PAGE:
AUSTIN, Texas — Masks can't be mandated on the University of Texas at Austin’s campus when the 2021-22 academic year begins. Even if the university wanted to, a series of executive orders from Gov. Greg Abbott don't allow UT to require masks.
Abbott signed a new executive order Thursday, ordering that government entities, including counties, cities, school districts, public health authorities or government officials, cannot require anyone to wear a mask or mandate another person wear a mask.
Any state or local agency and public or private entities that receive or will receive public funds from the state also cannot require proof of vaccination, according to the executive order.
This comes after Abbott signed a similar executive order in May prohibiting government entities from mandating masks. In the newest order, Abbott said "to further ensure that no governmental entity can mandate masks, the following requirements shall continue to apply."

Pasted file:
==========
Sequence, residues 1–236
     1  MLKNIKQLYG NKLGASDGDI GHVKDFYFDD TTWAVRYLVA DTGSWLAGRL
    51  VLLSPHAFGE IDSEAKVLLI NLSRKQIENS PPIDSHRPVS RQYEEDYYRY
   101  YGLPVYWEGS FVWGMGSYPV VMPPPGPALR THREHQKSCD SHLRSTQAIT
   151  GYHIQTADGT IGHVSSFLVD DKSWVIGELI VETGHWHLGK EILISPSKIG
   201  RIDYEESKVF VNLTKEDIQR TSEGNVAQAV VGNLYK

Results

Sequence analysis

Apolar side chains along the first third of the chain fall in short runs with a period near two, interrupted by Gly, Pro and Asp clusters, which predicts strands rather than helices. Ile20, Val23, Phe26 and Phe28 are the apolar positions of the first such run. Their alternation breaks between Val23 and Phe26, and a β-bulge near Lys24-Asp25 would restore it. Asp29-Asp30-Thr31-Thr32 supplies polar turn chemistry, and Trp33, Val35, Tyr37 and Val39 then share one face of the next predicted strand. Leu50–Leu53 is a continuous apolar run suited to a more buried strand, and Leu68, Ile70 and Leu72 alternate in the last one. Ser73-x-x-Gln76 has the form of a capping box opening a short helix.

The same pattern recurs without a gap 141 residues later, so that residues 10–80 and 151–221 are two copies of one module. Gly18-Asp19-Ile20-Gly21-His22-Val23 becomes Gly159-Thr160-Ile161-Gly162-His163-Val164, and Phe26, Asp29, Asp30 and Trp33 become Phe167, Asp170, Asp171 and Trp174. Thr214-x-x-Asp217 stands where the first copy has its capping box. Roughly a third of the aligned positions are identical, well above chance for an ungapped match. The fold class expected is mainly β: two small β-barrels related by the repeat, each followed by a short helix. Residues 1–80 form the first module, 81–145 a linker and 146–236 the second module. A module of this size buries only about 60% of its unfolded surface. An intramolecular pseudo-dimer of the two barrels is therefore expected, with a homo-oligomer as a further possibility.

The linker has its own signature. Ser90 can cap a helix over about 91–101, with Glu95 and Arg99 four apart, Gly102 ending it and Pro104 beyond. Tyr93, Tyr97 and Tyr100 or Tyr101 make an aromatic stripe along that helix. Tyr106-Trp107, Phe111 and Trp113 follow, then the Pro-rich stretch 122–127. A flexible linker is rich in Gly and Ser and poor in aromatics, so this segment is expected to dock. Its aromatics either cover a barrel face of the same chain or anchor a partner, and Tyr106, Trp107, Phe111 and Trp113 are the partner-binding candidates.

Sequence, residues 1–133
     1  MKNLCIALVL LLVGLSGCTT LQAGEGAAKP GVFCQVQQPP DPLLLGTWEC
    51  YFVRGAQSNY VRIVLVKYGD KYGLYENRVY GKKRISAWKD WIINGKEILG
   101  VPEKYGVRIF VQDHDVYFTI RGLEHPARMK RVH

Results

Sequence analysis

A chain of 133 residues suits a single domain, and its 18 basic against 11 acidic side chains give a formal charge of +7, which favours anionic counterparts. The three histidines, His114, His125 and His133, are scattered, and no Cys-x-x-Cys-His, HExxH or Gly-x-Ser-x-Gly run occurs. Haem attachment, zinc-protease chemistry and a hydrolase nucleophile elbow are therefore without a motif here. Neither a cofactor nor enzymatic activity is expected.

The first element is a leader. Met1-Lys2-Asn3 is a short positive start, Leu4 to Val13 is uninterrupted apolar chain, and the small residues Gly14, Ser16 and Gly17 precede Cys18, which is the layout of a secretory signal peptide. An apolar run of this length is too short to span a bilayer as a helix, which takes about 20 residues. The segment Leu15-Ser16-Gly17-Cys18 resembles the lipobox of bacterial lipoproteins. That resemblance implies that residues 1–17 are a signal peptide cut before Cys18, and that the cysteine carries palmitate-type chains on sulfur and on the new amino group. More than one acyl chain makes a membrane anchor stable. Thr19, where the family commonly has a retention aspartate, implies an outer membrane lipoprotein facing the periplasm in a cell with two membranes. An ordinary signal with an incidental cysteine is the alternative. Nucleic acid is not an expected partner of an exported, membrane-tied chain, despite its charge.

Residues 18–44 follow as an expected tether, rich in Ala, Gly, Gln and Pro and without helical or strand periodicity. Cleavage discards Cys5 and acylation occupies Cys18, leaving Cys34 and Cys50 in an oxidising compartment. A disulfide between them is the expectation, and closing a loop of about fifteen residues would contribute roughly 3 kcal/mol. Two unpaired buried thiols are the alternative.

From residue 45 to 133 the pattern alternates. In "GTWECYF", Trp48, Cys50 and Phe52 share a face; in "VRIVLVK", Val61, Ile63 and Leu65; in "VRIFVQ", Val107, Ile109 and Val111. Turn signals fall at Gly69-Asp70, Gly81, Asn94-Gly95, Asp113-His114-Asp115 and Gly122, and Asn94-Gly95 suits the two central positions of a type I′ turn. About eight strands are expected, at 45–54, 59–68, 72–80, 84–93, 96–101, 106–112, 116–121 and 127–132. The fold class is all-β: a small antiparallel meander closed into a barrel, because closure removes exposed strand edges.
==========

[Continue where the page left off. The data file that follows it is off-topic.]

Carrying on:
UT Austin is a government entity because it is a public university that receives part of its income directly from the state. It also receives money from the Permanent University Fund, money in the Texas Constitution set aside for the University of Texas and Texas A&M systems.
UT’s Fall 2021 Planning Update on June 15 said masks are optional inside and outside.
“For individuals who are not fully vaccinated or who have weakened immune systems, masking is recommended but optional inside university buildings, consistent with the governor’s executive order and guidance from the CDC,” the update said.
In that update, the university highly encouraged individuals to consider getting the vaccine if they hadn't already. However, doing so is not required.
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